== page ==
The advantages of DOSS are that fewer parameters are estimated, and therefore you will have more degrees of freedom and more statistical power. This probably doesn’t matter for large datasets with many degrees of freedom, but it may have an effect on datasets that have only a couple dozen subjects and several covariates. For most analyses, however, DODS is the better option - it is more flexible, and also allows you to model interaction effects. Whichever model you choose, you should use the model that you think is most reasonable for your data.



DODS is the default for mri_glmfit. If you wish to use DOSS, you would type doss as the second argument after mri_glmfit’s --fsgd option; e.g., mri_glmfit --fsgd CannabisStudy.fsgd doss.

Modifying the FSGD File

In the tutorial on creating the FSGD file, we saw how the FSGD file is formatted to include two groups. We will now add covariates, and see how to modify the FSGD file accordingly.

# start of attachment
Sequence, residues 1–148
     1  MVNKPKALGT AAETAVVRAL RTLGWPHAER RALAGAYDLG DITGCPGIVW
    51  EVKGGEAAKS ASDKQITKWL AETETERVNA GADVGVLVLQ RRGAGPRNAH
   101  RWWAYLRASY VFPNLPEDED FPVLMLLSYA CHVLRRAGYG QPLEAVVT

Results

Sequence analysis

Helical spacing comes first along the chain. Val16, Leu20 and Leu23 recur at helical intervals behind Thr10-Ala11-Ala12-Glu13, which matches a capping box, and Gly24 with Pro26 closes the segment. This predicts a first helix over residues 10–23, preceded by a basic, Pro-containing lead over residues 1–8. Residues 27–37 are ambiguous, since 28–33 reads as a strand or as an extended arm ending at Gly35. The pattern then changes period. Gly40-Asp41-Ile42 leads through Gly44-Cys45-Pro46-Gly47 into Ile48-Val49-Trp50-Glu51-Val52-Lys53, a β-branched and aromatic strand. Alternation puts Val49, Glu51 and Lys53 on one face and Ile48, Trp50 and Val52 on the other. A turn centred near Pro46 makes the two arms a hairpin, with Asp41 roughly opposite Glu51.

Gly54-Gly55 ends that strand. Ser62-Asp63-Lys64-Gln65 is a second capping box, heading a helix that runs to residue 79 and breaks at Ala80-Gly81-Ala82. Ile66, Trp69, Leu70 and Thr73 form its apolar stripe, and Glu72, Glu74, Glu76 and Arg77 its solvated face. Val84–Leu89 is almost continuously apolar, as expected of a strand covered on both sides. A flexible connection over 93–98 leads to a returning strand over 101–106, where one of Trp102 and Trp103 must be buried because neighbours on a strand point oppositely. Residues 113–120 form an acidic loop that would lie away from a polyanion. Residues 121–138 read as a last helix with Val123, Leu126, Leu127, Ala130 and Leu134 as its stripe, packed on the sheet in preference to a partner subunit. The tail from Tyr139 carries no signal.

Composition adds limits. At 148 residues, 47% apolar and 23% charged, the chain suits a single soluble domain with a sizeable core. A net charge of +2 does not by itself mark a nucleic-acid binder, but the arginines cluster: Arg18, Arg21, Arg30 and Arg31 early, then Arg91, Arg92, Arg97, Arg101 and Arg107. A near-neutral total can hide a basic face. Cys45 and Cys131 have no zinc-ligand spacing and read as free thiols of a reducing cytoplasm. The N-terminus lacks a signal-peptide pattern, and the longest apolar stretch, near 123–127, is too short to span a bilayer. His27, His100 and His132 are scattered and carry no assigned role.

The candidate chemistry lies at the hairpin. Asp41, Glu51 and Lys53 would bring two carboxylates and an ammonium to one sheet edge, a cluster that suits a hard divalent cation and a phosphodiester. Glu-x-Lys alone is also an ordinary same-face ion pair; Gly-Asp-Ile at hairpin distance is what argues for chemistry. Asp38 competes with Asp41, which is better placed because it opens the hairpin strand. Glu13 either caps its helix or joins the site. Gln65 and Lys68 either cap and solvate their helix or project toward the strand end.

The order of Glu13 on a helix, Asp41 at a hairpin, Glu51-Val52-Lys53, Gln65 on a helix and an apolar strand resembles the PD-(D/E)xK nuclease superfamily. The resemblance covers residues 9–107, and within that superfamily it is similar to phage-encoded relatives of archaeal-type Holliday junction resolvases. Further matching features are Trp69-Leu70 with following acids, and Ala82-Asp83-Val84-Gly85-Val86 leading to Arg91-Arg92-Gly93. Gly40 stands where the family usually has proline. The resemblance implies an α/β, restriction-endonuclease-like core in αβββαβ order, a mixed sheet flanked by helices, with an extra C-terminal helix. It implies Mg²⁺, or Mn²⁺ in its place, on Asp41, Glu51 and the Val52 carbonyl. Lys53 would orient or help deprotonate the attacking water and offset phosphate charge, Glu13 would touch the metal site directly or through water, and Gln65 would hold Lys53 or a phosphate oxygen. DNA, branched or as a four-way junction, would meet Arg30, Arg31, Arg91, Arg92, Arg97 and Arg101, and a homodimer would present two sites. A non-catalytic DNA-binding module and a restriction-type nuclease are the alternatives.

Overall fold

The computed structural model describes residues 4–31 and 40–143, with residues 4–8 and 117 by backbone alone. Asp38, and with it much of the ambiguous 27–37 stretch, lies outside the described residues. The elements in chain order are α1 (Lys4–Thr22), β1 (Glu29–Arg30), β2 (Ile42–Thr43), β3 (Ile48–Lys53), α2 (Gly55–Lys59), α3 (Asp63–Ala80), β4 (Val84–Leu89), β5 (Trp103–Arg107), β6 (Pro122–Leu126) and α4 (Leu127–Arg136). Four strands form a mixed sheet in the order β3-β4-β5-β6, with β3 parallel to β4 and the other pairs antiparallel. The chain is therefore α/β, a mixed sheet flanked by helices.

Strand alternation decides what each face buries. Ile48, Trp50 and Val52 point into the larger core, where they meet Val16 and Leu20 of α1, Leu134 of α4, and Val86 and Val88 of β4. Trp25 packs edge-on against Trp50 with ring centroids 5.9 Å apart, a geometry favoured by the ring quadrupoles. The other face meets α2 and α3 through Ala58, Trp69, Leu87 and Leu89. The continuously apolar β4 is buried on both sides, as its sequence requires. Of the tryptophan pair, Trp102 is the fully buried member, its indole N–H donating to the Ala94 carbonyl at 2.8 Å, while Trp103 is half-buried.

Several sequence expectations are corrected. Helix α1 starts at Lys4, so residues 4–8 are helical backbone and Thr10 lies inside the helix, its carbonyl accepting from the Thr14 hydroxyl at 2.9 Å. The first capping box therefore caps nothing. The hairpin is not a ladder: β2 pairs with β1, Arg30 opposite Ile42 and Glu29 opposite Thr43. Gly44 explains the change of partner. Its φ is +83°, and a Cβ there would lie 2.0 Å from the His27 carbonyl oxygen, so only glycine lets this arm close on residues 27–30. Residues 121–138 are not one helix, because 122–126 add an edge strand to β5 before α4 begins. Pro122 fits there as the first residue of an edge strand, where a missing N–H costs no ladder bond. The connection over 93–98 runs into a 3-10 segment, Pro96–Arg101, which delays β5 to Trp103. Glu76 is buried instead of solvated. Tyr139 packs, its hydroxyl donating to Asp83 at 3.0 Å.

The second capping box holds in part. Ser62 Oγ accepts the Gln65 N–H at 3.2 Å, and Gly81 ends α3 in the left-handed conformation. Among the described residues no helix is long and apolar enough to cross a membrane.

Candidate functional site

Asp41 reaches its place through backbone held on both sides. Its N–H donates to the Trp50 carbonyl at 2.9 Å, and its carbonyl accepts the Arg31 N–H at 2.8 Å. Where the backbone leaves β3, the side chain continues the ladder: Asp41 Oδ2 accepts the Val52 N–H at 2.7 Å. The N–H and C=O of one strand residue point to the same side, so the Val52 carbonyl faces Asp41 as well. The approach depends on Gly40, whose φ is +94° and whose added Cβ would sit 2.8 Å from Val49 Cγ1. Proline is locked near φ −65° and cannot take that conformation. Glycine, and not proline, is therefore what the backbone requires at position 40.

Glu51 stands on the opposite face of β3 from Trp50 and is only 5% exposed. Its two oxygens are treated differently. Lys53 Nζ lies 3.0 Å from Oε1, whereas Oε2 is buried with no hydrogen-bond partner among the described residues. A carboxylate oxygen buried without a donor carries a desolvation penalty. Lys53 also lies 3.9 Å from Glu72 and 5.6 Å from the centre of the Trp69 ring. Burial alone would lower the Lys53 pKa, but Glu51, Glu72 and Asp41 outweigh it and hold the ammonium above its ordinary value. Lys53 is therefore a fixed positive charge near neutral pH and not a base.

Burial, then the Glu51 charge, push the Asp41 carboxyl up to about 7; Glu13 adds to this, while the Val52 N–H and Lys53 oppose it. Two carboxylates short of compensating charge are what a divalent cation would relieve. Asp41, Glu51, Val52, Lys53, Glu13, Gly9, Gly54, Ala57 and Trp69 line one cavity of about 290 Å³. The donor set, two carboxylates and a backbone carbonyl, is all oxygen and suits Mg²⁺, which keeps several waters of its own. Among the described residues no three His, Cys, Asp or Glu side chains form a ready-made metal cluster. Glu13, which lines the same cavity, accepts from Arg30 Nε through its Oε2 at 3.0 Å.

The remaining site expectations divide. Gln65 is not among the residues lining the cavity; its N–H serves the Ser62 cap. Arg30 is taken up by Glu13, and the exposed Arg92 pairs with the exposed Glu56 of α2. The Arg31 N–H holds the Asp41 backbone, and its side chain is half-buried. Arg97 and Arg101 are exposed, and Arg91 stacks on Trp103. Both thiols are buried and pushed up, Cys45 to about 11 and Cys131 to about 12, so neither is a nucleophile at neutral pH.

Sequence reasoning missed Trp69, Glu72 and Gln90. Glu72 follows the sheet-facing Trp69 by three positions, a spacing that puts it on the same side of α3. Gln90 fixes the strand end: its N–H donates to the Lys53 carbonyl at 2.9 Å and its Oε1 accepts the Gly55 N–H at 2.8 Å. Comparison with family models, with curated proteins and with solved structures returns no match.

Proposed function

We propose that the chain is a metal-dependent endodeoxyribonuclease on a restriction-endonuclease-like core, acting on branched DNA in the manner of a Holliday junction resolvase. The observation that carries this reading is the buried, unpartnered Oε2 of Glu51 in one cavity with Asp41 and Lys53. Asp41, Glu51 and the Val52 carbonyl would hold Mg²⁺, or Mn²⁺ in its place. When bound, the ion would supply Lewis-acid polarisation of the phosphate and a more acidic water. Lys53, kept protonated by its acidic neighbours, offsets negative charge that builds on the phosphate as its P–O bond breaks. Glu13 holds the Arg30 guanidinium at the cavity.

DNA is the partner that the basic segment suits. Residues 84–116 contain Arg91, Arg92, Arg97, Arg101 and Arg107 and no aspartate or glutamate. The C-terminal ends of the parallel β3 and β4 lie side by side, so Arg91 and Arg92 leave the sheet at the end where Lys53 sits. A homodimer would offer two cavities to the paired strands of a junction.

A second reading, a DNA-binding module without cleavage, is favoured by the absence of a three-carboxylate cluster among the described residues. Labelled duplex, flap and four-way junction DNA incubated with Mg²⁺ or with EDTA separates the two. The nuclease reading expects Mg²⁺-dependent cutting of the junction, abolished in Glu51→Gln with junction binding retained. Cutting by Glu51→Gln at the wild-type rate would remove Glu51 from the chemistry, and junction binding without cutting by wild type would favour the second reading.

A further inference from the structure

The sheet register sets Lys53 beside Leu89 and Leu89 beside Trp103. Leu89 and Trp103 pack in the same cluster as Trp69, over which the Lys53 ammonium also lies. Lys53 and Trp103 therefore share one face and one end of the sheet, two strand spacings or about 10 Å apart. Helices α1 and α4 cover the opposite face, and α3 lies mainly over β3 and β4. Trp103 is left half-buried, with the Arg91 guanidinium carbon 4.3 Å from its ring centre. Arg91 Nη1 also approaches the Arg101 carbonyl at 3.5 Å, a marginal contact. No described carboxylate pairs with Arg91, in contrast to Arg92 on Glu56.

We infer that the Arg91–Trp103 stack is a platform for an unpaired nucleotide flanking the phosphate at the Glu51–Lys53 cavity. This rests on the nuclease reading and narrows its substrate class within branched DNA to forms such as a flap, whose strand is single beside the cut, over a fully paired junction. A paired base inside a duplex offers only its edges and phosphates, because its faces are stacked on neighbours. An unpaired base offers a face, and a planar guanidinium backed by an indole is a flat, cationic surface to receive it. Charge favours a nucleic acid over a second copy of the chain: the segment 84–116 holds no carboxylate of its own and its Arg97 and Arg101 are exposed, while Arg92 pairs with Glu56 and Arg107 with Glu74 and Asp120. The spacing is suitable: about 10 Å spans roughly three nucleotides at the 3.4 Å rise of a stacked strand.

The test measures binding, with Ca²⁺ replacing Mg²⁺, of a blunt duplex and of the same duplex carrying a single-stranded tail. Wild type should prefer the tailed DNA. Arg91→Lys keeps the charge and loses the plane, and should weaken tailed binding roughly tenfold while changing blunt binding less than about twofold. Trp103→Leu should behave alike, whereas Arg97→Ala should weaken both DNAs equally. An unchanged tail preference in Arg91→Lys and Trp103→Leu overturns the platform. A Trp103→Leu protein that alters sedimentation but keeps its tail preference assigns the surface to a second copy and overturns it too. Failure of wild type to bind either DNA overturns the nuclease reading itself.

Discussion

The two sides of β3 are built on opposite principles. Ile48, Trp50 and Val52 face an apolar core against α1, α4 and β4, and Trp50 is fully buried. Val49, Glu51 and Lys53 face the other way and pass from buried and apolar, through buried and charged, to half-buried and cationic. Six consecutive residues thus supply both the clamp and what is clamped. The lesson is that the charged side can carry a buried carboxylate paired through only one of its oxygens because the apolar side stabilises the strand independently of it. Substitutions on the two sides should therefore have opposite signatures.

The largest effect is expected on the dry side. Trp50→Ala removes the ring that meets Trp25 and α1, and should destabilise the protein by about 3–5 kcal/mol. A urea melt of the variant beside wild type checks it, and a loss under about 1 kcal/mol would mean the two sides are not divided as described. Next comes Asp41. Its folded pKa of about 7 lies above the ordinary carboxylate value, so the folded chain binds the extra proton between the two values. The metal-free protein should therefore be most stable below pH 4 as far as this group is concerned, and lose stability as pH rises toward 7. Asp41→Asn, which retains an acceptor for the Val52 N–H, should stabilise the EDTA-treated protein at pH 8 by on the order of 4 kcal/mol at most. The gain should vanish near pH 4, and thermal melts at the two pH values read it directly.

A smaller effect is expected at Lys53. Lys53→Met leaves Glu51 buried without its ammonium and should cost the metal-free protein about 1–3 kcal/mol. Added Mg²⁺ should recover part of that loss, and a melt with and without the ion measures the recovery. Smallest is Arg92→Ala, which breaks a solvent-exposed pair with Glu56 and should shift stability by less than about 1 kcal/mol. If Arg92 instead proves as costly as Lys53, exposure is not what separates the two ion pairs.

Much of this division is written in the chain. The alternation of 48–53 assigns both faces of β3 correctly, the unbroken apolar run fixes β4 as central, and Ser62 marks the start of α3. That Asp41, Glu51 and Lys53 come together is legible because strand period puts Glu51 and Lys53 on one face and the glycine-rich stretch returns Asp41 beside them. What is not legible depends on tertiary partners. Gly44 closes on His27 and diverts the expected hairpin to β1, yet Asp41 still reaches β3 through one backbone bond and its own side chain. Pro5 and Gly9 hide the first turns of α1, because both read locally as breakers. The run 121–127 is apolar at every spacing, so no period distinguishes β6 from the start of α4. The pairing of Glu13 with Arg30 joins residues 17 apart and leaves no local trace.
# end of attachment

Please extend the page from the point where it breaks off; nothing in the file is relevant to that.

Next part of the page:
First, open the previous FSGD file (CannabisStudy.fsgd). Under the row that contains Class CB, insert another row and type Variables. In the next two cells, type Age and Audit. This indicates that the columns to the right of the Group column contain covariates, and that these are Age and Audit, respectively. The first few lines of the new FSGD file should look like this:

GroupDescriptorFile 1
Title CannabisStudy
Class HC
Class CB
Variables Age Audit
Input sub-202 HC  25.62 6
Input sub-206 HC  18.55 2
Input sub-207 HC  17.66 3

When you have finished formatting the file, save it as CannabisStudy_Age_Audit, and then run this code to remove any problematic carriage returns:

tr '\r' '\n' < CannabsiStudy_Age_Audit.txt > CannabisStudy_Age_Audit.fsgd

You are then ready to create the contrast files to either rerun the group analysis controlling for the covariates, or to run a correlation analysis on any of the covariates.


Another covariate that is useful to include for between-groups analysis is estimated total intracranial volume, or eTIV for short. This will control for overall head size, which can be a confounding factor between groups that on average have different head sizes (e.g., males and females, old and young, patients and control; see this paper for an overview of when it is appropriate to include this covariate). If a subject has been processed with recon-all, the following line of code will use mri_segstats to extract the eTIV (you will need to make sure that this command is run from the directory that contains the subjects, and that SUBJECTS_DIR is pointing to that directory):

  mri_segstats --subject subject_name --etiv-only | grep atlas_icv | awk '{print $4}